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Configuring a Cisco Router Part I

 ·  🎃 briganti

We will try to explain with a brief and simple example how to connect for the first time to a Cisco router. We will not perform any configuration, we will only describe the process of turning on a Cisco router. We will use a typical Cisco router, the 1841, as an example. It is a router that Cisco has already stopped selling, but it serves as a perfect example of what a Cisco router is. We will do it from Packet Tracer, but in real life, it is exactly the same. Cisco1841

The router itself looks like this:

The Cisco console cable has an RS232 connector on one end, which we connect to the PC, and an RJ45 connector on the other end, which we connect to the router in the port indicated as Console. The RS232 port is increasingly difficult to find on current PCs and laptops, but a USB to RS232 adapter can be purchased to use the console cable.

In addition to the console cable, we will need software on our PC. Assuming we are using the PC’s RS232 port (or the USB adapter –> Kernel compilation with support for this), there are different alternatives such as Putty, minicom, etc… In any case, to connect by console, the configuration will be the same and will be as follows:

Once connected to the router, when we turn it on, the boot process will begin, and among other things, we will see the following:

We can see the IOS version we have, in this case C1841-ADVIPSERVICESK9-M in Version 12.4(15)T1.

We can also see basic information about the router such as the model, the memory it has both RAM and NVRAM and Flash, the model of the motherboard, and the interfaces.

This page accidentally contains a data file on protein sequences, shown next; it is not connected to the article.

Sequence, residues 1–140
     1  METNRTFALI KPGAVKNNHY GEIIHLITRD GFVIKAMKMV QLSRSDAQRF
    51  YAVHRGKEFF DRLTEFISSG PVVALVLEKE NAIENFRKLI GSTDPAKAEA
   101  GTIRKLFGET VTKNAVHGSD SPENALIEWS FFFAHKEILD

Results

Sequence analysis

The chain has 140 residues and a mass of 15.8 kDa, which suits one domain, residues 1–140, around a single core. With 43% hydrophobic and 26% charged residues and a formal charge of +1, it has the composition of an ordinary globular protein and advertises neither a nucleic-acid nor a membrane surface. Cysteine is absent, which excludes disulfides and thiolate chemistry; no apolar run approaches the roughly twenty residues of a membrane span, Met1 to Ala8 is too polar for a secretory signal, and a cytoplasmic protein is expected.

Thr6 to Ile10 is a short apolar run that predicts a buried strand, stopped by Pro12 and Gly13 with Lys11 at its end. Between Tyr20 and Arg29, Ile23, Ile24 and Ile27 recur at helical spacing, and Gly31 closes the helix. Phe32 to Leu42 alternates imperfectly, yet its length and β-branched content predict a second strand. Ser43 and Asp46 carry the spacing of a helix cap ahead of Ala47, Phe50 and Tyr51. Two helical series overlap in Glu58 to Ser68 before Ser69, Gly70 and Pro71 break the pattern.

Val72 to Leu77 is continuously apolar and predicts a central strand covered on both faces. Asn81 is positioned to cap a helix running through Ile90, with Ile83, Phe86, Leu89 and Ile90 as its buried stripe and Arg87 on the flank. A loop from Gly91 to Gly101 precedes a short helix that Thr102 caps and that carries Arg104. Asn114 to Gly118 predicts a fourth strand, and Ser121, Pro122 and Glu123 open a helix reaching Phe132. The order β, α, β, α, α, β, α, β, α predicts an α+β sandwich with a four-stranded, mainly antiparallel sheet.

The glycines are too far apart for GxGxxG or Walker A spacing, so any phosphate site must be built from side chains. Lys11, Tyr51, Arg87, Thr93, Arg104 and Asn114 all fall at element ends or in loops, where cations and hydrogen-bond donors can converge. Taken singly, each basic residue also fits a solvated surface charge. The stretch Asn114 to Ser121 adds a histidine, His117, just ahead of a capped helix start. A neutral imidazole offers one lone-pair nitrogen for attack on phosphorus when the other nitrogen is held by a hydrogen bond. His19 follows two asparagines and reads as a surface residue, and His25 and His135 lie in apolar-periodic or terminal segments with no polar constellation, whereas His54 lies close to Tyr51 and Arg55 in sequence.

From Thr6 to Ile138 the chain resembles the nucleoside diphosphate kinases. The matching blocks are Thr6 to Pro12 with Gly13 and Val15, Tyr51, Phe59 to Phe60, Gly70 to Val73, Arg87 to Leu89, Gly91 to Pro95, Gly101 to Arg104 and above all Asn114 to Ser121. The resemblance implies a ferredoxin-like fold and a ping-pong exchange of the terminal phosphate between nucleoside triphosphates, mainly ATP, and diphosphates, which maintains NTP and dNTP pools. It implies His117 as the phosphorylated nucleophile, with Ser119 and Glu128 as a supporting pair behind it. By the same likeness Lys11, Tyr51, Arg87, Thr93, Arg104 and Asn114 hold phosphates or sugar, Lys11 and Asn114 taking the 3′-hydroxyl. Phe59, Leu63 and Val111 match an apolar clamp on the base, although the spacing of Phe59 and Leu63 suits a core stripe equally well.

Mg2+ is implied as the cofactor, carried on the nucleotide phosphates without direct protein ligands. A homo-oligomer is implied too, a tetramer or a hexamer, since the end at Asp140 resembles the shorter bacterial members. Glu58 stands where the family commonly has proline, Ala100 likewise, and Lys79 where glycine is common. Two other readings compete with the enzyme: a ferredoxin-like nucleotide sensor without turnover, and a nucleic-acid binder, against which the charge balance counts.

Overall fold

Regarding the memories, the following can be noted:

  • RAM: This is where the router configuration is loaded while we use it (running-config).
  • NVRAM: This is where we save the configuration and where it will be every time we turn on the router (startup-config).
  • FLASH: This is where the router’s IOS is located.

Once the boot process is complete, it will ask us if we want to use the configuration wizard, we will answer NO, and we are almost ready to start configuring our router. At this point, we will be in non-privileged mode (Router>). From this mode, we can use commands only to obtain information or perform connectivity tests, but we cannot configure anything.

For example, the command:

show version

This command is to obtain information about the router. The first thing we see is the IOS and the version we are using. We also see that the last restart was “by power-on,” meaning that it was turned off and on electrically. It does not distinguish between unplugging the power cable or using the button (if it has one), so we will not know if it was a power outage or a voluntary restart. Here we will also see how long the router has been on. If the router had restarted due to some problem, it would be reflected here.

It shows information about the router’s memory and the interfaces it has. In this case, we have two FastEthernet interfaces. Finally, it shows the Configuration Register Byte in hexadecimal, which we will discuss when explaining how to carry out a Password Recovery.

Another interesting command is:

show environment

It shows information about the status of the fans, power supply, etc.

To finish, when writing commands, it is very useful to know that the router will automatically complete the commands as we type them using the tab key. It is also not essential to memorize all the commands, as we can type a question mark (?) and all the possibilities will be displayed with a brief description.

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